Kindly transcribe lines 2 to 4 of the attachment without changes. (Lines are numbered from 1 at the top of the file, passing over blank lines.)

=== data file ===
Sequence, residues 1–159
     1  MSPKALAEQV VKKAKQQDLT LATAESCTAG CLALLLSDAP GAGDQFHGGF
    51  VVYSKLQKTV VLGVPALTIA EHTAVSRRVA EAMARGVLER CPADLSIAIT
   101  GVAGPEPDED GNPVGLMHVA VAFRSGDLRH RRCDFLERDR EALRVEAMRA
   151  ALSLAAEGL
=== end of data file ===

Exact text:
     1  MSPKALAEQV VKKAKQQDLT LATAESCTAG CLALLLSDAP GAGDQFHGGF
    51  VVYSKLQKTV VLGVPALTIA EHTAVSRRVA EAMARGVLER CPADLSIAIT
   101  GVAGPEPDED GNPVGLMHVA VAFRSGDLRH RRCDFLERDR EALRVEAMRA